While conversations on gender and sexuality are more mainstream than ever, they can get intimidating even for someone who wants to be an ally. In a bid to address this, Dr Pragati Singh, founder of the five-year-old community for asexual persons, Indian Aces, is organising a week-long Gender, Sexuality, and Asexuality Fest in Chennai, with the support of PlanetRomeo Foundation, an independent non-profit for the LGBTI community.
From workshops and a meet-up to counseling sessions for those aged 16 and above, the fest is one of many organised by Indian Aces, one of the largest communities for asexual persons in India. Earlier held in Delhi, Mumbai, Pune and Bengaluru, Chennai will host this event at Wandering Artist in RA Puram from July 1 to July 8.
The attractions include a week-long exhibition, Platonicity: a speed dating/meet-up opportunity for persons across genders looking for non-sexual relationships, as well as a crash course of sorts in LGBTQIA+ issues which will focus on the foundational concepts of sex, gender and sexuality. While the meet-up and the workshop will be held over the next weekend, the counseling sessions will happen on the weekdays, on appointment basis.
Dr Pragati, has worked in the fields of maternal, child and reproductive health, and has also presented her research paper on asexuality, published in the Journal of Sexual Medicine, at the World Association for Sexual Health. She is also an ambassador with the American Sexual Health Association.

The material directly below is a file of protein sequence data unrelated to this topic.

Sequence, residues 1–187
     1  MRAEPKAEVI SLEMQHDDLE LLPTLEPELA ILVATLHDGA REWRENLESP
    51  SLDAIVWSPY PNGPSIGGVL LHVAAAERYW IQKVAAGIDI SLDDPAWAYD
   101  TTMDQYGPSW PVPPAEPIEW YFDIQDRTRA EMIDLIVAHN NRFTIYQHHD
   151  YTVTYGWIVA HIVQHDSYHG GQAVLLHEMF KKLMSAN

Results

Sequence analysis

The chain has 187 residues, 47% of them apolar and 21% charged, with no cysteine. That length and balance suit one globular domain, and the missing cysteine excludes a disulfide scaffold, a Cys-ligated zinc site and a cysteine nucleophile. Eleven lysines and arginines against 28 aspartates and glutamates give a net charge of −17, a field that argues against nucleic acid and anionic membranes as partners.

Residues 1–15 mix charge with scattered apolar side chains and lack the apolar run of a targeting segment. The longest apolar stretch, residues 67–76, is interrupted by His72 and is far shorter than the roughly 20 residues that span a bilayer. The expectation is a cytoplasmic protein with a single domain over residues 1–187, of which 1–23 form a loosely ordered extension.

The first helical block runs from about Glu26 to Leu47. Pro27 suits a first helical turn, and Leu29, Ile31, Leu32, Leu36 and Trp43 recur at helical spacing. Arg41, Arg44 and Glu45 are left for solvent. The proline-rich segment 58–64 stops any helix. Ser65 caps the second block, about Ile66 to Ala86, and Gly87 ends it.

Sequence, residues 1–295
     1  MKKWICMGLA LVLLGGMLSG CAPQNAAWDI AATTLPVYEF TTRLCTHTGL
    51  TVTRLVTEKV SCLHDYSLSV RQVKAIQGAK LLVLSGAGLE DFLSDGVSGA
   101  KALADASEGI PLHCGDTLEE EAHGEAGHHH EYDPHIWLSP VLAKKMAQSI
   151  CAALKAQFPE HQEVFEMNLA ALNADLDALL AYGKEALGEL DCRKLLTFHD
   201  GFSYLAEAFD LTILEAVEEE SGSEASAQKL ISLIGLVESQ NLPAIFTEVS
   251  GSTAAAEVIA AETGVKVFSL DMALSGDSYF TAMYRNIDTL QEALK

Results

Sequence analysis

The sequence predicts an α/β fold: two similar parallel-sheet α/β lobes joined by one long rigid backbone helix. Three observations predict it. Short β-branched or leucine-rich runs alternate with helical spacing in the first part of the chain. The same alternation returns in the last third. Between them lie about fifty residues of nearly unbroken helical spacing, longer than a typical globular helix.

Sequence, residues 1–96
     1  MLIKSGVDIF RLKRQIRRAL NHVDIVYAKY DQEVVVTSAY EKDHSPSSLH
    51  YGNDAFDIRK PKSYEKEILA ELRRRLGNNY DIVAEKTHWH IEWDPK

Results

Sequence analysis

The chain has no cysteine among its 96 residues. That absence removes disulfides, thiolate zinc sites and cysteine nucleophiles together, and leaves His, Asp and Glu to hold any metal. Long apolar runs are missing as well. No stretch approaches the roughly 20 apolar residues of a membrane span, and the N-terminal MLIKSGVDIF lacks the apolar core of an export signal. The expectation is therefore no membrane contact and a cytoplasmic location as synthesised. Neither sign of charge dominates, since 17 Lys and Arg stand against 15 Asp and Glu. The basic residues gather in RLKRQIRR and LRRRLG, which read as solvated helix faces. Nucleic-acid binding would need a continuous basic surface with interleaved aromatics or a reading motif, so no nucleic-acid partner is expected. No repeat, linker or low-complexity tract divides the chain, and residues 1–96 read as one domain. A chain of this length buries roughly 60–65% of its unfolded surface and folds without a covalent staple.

Speaking to TNM, Dr Pragati says that the response they have received for the event so far in other cities has been encouraging. â€śThe majority of those who attend are a younger crowd, typically under 40. But we have also had participants at the workshops who are up to 60 years old, and they have been very participative. What is also encouraging is that I have seen a 50-50 ratio of men and women at the workshops; other organisers have said that as many women generally donâ€™t turn up for such events.â€ť
Another pattern that she has observed across workshops is that people have not always thought about gender, sex and sexuality in a segregated manner. For instance, if one is transgender, it does not mean that they canâ€™t be straight. In her workshops, Dr Pragati tries to explain these concepts.
Dr Pragati has also observed that people presume that these events are only for queer persons. â€śWe have doctors, and activists coming and speaking. Most people tend to not think about gender and sexuality issues unless they are being affected by it. But I believe that it is a very interesting and affirming intellectual exercise for everyone to learn about these concepts,â€ť she says.
Elaborating on the counseling sessions, she says that these are peer counseling exercises, not mental health counseling. Majority of the people who participate are those who have concerns about their own gender and sexuality. â€śA lot of it is listening. After that, I use a tool that I developed which asks them questions that compels them to think about gender, sex and sexuality in a segregated manner. Essentially, it makes them think about these things in a way they havenâ€™t before,â€ť Dr Pragati says.